The effect of opiate drugs like heroin, morphine, Vicodin, and Oxycontin are identical in the brain. All of these substances are derived from the opium poppy plant, and once in the brain, our receptors don’t care if they were bought in a pharmacy or on the street. Opiates are depressants, meaning they suppress neuronal functioning by attaching themselves to opioid receptors scattered throughout the brain, preventing the neurons from firing. However, these drugs are not selective, and while they can stop us from feeling pain, they can also stop us from breathing.

Imagine if you had to concentrate on every breath you took, every inhale and exhale. While advocates of mindfulness meditation would be pleased, most of us would be unable to function. Fortunately, our brainstem takes care of this for us, automatically contracting our diaphragm and expanding our lungs. Death from overdose occurs when this system stops functioning. The cells in the brainstem become overwhelmed by the opioids that are inhibiting their functioning and telling them to stop firing. When this happens, we stop breathing. We begin to suffocate. Our lips and nails turn blue; we might start seizing or spasming. Eventually, our heart stops beating.

In 2010, 16,651 people died this way from a prescription medication. Deaths caused by prescription drug abuse now make up more overdose deaths than those from heroin, cocaine, and methamphetamine combined.

From Portland, Maine to Portland, Oregon, prescription drug abuse has become a raging epidemic. The governor of Vermont recently spent his entire State of the State address discussing the problem, and President Obama and the White House have raised similar concerns, trotting out staggering statistics like the fact that drug overdoses are now the leading cause of death of America, comprising more fatalities than car accidents. In Ohio, one of the states hardest hit by the epidemic, deaths from drug overdose increased by 440% since 1999, up to a staggering 1,765 people in 2011. That’s five people dying every day from an overdose.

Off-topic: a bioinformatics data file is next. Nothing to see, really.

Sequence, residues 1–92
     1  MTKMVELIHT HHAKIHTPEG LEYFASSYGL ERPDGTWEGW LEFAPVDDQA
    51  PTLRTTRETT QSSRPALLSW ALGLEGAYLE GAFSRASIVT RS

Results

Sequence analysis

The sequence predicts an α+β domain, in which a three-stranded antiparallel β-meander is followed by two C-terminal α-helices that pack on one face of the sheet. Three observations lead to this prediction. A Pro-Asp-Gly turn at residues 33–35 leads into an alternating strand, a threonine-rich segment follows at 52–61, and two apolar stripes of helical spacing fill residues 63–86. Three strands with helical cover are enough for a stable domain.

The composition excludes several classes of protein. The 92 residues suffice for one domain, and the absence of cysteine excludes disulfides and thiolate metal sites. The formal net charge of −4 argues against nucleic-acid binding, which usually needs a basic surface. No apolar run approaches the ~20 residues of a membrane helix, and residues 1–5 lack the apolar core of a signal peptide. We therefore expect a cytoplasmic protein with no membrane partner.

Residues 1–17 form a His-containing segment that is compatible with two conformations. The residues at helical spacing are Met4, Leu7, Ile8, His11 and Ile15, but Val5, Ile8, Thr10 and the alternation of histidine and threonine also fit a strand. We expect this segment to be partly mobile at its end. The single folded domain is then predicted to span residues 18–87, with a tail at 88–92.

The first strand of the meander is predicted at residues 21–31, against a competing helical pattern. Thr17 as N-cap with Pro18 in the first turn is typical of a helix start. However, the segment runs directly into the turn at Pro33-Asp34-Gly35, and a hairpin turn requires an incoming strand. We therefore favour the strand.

But an addiction to painkillers is not a sustainable one, with pills costing anywhere from $60 – $100, depending on their strength. So more and more people are making the switch to heroin, a $10 drug potentially laced with dangerous additives and laden with connotations. New York has seen an 84% rise in heroin overdoses in the past two years, coinciding with a 67% increase in heroin seized, supply following demand.

All told, there are over 38,000 deaths by drug overdose every year in the U.S., more than 50% of which are from prescription drugs, 75% of those opiate-based. And these numbers are rising.

Philip Seymour Hoffman’s death is undoubtedly a tragedy and a great loss, but odds are, Hoffman wasn’t the only one who died last Sunday.